I'm taking a readers' advisory class this semester, though, and our first lecture of the semester opened with a rather prescient statement: library schools don't provide their students with sufficient background in books. I guess this statement refers more to librarians who end up in public libraries, where a good amount of time on the reference desk--usually a shared responsibility--is spent in a readers' advisory interview. You know, when a person comes up to the desk and asks for a suggestion of what to read next? True, you don't need to love reading to know how to adeptly answer such questions; all you really need is a firm grasp of the readers' advisory resources. But I would venture to guess that a librarian who loves and thus knows about books will be able to negotiate this service so much better. It would seem to be very relevant for a librarian to love books.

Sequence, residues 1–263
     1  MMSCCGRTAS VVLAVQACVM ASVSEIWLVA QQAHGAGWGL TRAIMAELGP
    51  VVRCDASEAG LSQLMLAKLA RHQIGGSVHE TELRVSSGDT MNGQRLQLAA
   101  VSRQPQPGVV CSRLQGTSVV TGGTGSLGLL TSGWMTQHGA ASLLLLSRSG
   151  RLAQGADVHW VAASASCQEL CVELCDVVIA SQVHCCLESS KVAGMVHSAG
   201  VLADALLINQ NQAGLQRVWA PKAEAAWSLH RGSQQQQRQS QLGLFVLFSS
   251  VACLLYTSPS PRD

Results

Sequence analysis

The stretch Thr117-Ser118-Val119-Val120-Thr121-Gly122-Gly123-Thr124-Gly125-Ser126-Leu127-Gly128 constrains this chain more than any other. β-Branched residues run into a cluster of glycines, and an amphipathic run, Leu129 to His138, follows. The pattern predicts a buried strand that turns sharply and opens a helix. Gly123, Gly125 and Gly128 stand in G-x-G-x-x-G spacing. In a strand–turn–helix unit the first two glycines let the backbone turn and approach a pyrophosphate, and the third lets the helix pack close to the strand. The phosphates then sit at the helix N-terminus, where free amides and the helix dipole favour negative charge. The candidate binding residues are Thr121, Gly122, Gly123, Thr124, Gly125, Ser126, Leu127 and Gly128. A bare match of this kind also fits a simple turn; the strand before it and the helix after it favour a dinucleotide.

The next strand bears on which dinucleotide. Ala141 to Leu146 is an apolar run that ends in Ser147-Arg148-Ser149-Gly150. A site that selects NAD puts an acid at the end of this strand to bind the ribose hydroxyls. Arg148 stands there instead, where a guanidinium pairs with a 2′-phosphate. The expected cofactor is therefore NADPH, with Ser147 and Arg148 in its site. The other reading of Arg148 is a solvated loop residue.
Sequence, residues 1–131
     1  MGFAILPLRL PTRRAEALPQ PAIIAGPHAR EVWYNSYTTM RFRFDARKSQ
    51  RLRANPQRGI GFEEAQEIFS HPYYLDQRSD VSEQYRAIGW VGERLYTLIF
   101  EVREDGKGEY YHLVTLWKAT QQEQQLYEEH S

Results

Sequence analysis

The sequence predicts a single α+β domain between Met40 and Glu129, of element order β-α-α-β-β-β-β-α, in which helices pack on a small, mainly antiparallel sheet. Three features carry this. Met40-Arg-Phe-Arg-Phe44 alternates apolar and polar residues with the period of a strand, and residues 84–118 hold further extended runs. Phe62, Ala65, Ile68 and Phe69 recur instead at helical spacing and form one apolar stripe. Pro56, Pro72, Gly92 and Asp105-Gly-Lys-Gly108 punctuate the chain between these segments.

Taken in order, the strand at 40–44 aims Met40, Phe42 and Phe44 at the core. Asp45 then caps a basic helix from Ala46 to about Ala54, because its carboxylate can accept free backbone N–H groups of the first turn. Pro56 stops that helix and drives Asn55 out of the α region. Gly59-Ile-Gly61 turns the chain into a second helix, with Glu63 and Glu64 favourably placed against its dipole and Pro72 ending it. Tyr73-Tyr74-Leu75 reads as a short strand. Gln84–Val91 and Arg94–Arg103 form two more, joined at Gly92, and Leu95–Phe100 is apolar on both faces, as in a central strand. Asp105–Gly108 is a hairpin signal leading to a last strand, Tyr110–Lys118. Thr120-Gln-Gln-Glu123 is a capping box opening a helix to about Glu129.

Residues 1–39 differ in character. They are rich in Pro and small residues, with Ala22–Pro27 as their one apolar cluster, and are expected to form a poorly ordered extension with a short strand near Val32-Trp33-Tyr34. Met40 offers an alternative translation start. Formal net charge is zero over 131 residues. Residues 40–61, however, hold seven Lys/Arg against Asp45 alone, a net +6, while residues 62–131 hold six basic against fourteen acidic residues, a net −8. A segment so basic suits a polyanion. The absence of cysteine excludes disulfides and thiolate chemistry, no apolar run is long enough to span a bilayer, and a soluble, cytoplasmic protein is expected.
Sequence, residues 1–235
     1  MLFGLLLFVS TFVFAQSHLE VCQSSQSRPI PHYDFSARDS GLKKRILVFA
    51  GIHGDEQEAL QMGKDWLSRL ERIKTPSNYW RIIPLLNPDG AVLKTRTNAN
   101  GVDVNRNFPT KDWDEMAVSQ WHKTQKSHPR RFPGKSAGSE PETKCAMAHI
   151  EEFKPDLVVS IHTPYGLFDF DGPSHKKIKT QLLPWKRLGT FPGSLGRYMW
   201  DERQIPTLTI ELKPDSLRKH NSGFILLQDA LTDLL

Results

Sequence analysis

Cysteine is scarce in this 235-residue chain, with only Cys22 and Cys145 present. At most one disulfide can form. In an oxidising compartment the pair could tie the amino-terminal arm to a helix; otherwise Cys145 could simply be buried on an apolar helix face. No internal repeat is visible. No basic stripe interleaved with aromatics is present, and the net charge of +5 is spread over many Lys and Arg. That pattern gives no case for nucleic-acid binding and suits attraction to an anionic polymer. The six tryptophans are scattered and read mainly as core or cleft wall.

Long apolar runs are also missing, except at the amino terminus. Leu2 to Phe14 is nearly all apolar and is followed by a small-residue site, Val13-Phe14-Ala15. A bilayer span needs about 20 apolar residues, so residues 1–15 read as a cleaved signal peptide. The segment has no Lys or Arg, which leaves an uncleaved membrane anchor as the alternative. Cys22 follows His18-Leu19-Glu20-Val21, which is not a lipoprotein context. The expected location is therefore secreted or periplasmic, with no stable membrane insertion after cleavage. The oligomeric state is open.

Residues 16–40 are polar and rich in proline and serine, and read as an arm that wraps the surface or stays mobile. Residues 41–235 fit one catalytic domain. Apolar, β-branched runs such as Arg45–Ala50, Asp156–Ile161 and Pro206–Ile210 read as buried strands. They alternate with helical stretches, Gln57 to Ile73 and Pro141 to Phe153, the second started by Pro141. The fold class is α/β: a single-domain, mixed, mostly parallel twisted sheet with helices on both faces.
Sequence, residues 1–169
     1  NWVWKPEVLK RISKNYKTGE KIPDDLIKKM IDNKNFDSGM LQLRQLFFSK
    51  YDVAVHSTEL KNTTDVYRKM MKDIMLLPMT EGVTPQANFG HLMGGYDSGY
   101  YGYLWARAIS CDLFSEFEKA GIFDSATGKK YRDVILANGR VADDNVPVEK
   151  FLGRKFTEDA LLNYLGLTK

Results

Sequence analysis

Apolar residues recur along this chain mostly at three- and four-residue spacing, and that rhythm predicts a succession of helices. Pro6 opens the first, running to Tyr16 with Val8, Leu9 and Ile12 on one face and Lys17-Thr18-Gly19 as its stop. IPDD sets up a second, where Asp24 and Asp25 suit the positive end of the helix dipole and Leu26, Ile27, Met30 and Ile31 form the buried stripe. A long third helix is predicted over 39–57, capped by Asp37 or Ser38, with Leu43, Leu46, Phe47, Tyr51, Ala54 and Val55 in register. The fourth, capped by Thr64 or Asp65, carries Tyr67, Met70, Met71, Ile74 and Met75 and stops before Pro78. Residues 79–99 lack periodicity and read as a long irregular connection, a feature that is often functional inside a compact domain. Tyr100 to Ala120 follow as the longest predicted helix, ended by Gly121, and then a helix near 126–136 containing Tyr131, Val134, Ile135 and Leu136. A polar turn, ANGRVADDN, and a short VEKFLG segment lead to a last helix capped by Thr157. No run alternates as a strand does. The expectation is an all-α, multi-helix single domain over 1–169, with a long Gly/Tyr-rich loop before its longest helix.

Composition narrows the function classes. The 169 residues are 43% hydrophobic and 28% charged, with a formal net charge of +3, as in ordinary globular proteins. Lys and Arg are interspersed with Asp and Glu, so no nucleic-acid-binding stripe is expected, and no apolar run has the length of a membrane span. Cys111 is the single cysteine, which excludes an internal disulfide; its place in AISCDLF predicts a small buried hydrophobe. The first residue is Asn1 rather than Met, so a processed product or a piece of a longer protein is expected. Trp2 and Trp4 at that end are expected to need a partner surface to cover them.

So I've been thinking about this discrepancy, about the tension between "loving books isn't enough" and "you don't know enough about books." I do love books; I don't think that will come as a surprise to anyone. But that's not the only reason I want to be a librarian. In fact, it's not even the main reason. My loving books does seem like it'll lend me a slight advantage as a librarian, though.
Maybe what library schools need to do is encourage love of books along with the whole host of other necessary librarian skills they promote. It wouldn't be so difficult to shift that tone from "loving books won't help you" to "loving books, plus these other skills, will help you help patrons." That's what it's all about in the end, right?